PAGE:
Archive for August 20, 2020

Thursday, August 20, 2020

Taking Ownership of Rust

Rust Core Team (via Hacker News):

Notwithstanding the deep personal impact, the Rust project as a whole is very resilient to such events. We have leaders and contributors from a diverse set of different backgrounds and employers, and that diversity is a critical strength. Further, it is a common misconception that all of the Mozilla employees who participated in Rust leadership did so as a part of their employment. In fact, many Mozilla employees in Rust leadership contributed to Rust in their personal time, not as a part of their job.


[The] Rust Core Team and Mozilla are happy to announce plans to create a Rust foundation. The Rust Core Team’s goal is to have the first iteration of the foundation up and running by the end of the year.


While we have only begun the process of setting up the foundation, over the past two years the Infrastructure Team has been leading the charge to reduce the reliance on any single company sponsoring the project, as well as growing the number of companies that support Rust.


Russell Kirsch, RIP

DL Cade (Hacker News):

Computer scientist Russell A. Kirsch, the inventor of the pixel and an undisputed pioneer of digital imaging, passed away on Tuesday in his Portland home from complications arising from a form of Alzheimer’s disease. He was 91 years old.


As DPReview points out, Kirsch never stopped improving on his most famous invention, even after retiring in 2001. In a 2010 interview with WIRED, he outlined his attempts to create a system that uses “variable shaped pixels” instead of the squares that have dominated digital imaging since he invented them.


In 1951 Kirsch joined the National Bureau of Standards as part of the team that ran SEAC (Standards Eastern Automatic Computer). SEAC was the U.S.’s first stored-program computer to become operational, having entered service in 1950.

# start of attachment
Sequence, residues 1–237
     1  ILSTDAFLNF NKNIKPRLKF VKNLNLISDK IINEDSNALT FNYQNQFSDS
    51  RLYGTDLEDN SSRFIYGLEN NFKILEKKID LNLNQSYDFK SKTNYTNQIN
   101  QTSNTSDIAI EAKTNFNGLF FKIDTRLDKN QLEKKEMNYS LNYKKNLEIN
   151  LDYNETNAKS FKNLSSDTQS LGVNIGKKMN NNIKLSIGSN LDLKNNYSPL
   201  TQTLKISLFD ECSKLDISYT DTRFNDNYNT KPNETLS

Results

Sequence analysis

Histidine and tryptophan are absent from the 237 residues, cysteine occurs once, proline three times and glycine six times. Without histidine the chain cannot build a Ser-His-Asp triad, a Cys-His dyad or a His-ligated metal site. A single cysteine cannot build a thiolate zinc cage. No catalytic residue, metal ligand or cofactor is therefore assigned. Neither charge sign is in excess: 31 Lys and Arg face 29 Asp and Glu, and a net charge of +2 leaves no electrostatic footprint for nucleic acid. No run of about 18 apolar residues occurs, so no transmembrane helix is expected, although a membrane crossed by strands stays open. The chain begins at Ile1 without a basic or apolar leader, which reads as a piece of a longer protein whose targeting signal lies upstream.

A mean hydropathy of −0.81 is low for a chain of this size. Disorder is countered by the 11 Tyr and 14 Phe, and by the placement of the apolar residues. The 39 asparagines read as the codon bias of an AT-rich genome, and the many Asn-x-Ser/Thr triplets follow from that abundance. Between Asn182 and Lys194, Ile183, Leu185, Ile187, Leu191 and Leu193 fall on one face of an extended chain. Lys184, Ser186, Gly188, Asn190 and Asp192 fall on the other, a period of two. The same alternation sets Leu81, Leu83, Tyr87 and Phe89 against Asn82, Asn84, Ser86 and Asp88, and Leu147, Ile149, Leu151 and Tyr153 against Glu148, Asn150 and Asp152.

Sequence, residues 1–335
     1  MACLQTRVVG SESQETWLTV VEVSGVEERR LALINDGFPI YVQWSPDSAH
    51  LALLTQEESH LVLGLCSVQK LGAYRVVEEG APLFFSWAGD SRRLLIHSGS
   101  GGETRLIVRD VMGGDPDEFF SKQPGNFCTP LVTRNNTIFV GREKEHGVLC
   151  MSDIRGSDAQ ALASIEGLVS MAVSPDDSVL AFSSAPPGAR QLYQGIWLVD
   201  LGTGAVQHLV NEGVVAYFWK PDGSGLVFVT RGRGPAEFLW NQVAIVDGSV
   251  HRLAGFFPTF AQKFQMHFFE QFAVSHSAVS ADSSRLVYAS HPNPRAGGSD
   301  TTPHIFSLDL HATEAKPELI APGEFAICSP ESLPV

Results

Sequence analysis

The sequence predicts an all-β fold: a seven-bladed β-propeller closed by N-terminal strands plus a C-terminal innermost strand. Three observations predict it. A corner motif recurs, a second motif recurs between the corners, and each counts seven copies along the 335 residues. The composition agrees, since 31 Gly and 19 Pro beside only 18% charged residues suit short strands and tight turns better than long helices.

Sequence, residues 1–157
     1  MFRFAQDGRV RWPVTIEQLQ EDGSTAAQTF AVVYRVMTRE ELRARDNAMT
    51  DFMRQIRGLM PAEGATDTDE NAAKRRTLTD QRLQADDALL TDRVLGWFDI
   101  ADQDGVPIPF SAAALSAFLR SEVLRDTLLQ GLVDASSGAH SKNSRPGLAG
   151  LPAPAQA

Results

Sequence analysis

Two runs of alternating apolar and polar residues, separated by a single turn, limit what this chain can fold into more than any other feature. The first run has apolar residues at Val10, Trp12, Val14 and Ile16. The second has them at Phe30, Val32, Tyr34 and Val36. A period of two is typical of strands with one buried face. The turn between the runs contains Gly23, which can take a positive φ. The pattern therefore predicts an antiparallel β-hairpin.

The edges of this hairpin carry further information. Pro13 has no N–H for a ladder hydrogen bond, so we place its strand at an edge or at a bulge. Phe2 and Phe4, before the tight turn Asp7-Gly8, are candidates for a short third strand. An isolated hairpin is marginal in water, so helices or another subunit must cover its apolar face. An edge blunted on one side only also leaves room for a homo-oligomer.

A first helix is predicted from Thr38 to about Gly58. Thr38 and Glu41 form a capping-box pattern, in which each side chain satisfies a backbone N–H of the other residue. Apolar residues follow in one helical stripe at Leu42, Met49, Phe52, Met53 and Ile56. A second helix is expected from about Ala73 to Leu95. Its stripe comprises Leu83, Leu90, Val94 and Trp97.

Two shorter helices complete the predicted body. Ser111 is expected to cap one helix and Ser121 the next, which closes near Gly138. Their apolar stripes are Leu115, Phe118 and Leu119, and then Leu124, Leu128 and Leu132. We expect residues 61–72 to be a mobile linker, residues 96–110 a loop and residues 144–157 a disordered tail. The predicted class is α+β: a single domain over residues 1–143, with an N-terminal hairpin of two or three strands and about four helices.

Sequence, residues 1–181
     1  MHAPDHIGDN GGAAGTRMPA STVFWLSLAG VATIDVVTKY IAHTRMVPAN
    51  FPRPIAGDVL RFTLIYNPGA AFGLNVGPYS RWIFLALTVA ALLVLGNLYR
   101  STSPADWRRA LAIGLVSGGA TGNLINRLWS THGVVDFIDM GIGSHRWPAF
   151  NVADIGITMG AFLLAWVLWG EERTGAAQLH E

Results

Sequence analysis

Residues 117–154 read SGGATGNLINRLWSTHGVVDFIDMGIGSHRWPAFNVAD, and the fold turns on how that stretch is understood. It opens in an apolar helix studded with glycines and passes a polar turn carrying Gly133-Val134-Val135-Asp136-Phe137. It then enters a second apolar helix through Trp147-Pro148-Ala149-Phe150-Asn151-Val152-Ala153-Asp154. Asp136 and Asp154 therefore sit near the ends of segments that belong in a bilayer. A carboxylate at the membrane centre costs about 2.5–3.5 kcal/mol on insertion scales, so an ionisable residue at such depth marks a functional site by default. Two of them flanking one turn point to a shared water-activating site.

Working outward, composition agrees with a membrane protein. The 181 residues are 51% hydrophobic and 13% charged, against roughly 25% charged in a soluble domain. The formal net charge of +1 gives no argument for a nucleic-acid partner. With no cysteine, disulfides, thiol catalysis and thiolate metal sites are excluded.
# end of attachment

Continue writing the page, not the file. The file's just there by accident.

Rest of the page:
Russell Kirsch (via Hacker News):

I’ve been against Macintosh company lately. They’re trying to get everyone to use iPads and when people use iPads they end up just using technology to consume things instead of making things. With a computer you can make things. You can code, you can make things and create things that have never before existed and do things that have never been done before.

That’s basically what Alan Kay said. There’s just something about him calling Apple “Macintosh company.”

What Changed Before SwiftUI 1.0

Kuba Suder:

However, I was surprised to see how many of those things I wrote down don’t work anymore.[…]

And the problem is that all those old APIs are still there in the WWDC videos from last year. But WWDC videos are usually a very good source of knowledge, people come back to them years later looking for information that can’t be found in the docs, Apple even often references videos from previous years in new videos, because they naturally can’t repeat all information every year.

This was bothering me enough that I decided to spend some time collecting all the major changes in the APIs that were presented in June 2019, but were changed later in one place.

Weather Apps, After Dark Sky

Jonas Downey:

This is an existential threat to indie weather apps. We’re now forced to:

A) Find a new provider that’s comparable and integrate it instead of Dark Sky.
B) Create a new set of widgets that are at least as good as Apple’s (preferably better!)
C) Do all of this in about 3 months.

We also have to learn all the new tech, update our existing app to work with iOS 14, and deal with the fact that this is all beta software that’s clunky, poorly documented, and barely works in a bunch of ways.

Oh, and Apple has special access to private APIs that we don’t have.

I was hoping Apple would integrate the Dark Sky features into the iOS 14 API. That would make it easier to develop (if not necessarily to sell) weather apps, as several of them have better interfaces than Apple’s own. Instead, they’ve improved the built-in app but made things worse for fans of alternate apps.